Continuing with my interview with John Cho and Kal Penn about their new movie, A Very Harold & Kumar 3D Christmas, the actors talk about the controversial aspects of the movie, and the possible future of the franchise.
How do you feel about how the movies mock different cultures?
John: Making fun of culture and race has been what we do since the first one, so it was great to finally get to play the in-law stuff because it was a way to make Asian-Latino jokes about discomfort. Paula (Garces, who plays Maria, Harold’s wife) was very helpful too, making Spanish puns.
I hope that the Spanish-speaking audience particularly enjoys that section because there were a few Spanish-specific jokes.
What was the hardest part of doing this film?
John: Shooting winter in summer maybe?
Kal: I think it was taking the time to figure out what happened in the six years between the two movies because the first and second movies take place within a minute of each other and Kumar always has a positive outlook on life. He’s a bit of a slacker but, in this movie, he starts out really depressed, frankly.
I sat down with the writers for at least five sessions trying to figure out and craft the entire six years of his life to justify why. Did he ever finish med school? It seems like he did. How much weed does he smoke that he’s grown a beard and hasn’t left his apartment in four weeks?
That kind of stuff was a very welcomed challenge. I enjoyed it very much crafting all that.
Are you concerned with backlash from the cocaine jokes with the baby?
Kal: You worked with the baby most closely and you pointed out that she was –
John: – a degenerate, yeah! (he laughs) I hope there isn’t a backlash, because I think that the attitudes of the central characters have always been very well-intentioned. I feel like, in an odd way, that the reason the movies work is that they’re so sweet and the humor, as raunchy and filthy as it is, it’s also sweet in a strange way.
I hope there isn’t a backlash, but that’s part and parcel of getting into that [controversial] zone where humor works the best. If we stay safe, nobody will like the movie so there’s risk involved, but that’s when you know you’re doing something right.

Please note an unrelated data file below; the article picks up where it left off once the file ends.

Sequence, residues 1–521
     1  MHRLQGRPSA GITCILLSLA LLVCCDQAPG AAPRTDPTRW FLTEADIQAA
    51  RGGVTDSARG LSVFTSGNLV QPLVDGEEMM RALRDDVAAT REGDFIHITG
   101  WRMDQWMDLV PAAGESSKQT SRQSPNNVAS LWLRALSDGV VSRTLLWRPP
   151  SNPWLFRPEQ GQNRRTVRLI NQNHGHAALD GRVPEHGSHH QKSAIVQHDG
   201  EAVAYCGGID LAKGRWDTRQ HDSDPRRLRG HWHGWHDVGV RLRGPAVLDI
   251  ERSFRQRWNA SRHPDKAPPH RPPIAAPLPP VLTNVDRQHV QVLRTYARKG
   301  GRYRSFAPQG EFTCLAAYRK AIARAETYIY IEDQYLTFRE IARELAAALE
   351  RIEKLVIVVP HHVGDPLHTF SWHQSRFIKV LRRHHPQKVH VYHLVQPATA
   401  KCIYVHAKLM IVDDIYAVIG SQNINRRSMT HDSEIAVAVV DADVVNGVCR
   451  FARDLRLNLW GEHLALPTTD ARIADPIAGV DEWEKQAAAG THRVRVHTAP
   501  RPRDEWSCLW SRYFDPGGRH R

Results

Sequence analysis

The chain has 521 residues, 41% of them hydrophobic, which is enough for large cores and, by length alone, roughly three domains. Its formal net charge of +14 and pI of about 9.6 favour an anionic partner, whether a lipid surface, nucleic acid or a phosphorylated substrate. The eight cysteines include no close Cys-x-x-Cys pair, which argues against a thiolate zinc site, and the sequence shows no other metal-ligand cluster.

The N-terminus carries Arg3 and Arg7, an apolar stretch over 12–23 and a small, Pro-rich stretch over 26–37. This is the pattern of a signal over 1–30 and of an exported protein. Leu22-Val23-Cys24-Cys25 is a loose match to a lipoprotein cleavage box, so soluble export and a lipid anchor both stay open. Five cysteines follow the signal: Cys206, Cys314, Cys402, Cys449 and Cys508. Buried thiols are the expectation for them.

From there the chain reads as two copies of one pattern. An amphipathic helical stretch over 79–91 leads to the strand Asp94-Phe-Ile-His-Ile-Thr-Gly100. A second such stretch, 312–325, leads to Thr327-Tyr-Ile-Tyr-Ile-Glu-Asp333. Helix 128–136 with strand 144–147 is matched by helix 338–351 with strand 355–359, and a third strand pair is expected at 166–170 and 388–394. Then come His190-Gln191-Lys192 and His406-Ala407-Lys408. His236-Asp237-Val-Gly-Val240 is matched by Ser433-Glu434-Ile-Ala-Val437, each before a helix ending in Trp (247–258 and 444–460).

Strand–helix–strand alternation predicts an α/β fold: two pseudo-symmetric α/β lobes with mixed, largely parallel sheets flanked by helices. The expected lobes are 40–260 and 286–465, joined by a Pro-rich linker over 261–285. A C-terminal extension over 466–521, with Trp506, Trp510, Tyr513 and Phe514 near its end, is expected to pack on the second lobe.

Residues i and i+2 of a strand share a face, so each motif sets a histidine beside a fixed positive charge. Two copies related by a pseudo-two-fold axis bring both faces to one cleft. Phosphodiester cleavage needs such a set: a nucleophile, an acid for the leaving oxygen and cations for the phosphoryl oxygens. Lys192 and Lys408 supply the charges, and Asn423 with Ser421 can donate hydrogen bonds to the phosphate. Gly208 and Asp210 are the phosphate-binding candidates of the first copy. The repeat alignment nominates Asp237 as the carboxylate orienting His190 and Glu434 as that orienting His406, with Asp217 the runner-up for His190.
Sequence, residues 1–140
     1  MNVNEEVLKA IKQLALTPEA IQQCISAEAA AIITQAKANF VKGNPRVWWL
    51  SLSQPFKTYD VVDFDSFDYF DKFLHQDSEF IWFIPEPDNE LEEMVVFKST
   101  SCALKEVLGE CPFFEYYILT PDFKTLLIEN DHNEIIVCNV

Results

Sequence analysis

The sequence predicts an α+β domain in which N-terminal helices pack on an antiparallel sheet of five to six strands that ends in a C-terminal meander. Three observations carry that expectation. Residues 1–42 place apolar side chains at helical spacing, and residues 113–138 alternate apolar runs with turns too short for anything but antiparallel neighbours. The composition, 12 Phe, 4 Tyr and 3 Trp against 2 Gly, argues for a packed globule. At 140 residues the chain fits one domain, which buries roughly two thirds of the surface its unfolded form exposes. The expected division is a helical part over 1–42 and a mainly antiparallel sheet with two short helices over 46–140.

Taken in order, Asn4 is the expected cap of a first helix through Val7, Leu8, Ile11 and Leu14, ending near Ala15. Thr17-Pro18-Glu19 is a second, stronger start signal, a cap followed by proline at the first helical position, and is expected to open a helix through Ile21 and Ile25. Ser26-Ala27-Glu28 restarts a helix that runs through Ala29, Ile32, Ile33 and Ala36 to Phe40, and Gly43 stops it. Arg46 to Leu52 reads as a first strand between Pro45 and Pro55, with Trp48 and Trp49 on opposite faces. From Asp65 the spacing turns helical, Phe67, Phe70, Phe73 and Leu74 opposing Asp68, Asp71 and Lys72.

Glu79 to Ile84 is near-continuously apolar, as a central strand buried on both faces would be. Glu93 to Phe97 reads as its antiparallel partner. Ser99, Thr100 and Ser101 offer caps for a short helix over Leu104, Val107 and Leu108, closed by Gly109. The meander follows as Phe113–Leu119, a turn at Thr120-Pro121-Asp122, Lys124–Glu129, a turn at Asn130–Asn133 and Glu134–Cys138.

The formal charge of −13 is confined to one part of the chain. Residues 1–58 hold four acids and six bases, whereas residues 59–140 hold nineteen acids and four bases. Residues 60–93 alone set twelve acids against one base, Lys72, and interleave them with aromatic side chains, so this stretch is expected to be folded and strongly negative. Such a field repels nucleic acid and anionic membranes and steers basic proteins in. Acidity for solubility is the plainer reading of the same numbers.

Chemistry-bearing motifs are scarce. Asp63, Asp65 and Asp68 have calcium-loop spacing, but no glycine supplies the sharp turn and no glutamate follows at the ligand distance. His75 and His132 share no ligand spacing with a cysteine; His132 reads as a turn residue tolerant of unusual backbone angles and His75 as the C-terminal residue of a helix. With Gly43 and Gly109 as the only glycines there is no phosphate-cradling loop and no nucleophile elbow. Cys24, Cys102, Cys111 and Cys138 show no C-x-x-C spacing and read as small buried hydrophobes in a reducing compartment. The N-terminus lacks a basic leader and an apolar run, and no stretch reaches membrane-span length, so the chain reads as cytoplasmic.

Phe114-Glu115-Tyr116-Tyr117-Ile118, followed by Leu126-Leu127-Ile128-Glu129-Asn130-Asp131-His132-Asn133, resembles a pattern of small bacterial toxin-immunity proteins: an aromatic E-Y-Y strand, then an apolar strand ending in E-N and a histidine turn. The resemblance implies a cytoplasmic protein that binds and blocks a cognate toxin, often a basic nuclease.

Kal: A lot of movies come close to a line, or cross a line, and I think what the writers of these movies frankly do is just get rid of the line altogether. They’ve created a world where anything is acceptable so, in this movie everybody assumes Santa Claus is real and exists to the extent that [Harold] can shoot him in the face and [Kumar] can save his life.
So, once you go there, I think that everything else is possible and believable.
What I also love is that, in the first movie, you saw society’s reaction to two guys like Harold and Kumar with the race and ethnicity subplot. But then, in the second one, you realize that they get lost in the inner city and you see that Harold and Kumar have their own prejudices and stereotypes against other folks. Same thing in this one.
When I first read on the page, Kumar’s dream fantasy sequence with the church and he’s going to punch out a member of the clergy, [I thought] what are we doing here?
But you realize that that is his fantasy sequence on how he’s going to get the tree for his buddy, and it does reveal that these characters are just as flawed as everybody else, and that’s one way of looking at it, with humor, so we certainly hope that nobody takes it seriously enough (to start a backlash).
John: It’s the fantasy of a very immature character.
Do you get together between making these movies, because you seem to be good friends?
Kal: We are friends, yeah, which is nice. I recently joked with him that it would have been a bummer if we didn’t get along in real life but we could have pretended.
We presented an award at the Spike Scream Awards a couple of weeks ago and the stage was basically a plank in the middle of water and we had to walk back across the stage to get to where the holding room was, and I said to him, ‘If we didn’t like each other in real life, this is the point where America would find out because I have such an urge to [push you in the water].’
John: We’ve done three movies at this point and there’s really nobody who knows what it’s like to be Harold and Kumar except me and this guy, so there’s a very special and unique bond that we share. We are just like The Beatles and Cheech and Chong in one magnificent package!
Can you see yourself playing these characters for a long time? Cheech and Chong continued well into their fifties and sixties.
John: Yeah. I think it would be fun actually. There is a very ingenious set-up. They called the first movie Harold and Kumar Go to White Castle and I think if they hadn’t tapped into all those old buddy pictures and all the road pictures with those titles, nobody would have wanted a sequel.
There’s kind of a trick to that title. It also is real in the sense that they’ve set up these characters and I think it’s plausible to have them in their fifties and sixties and have grandkids and still be hittin’ the bong and getting into ridiculous adventures.
Kal: I’d be up for it. I love playing the character. As crazy as he is, Kumar is infinitely cooler than I will ever be in real life.
John: He is. He really is!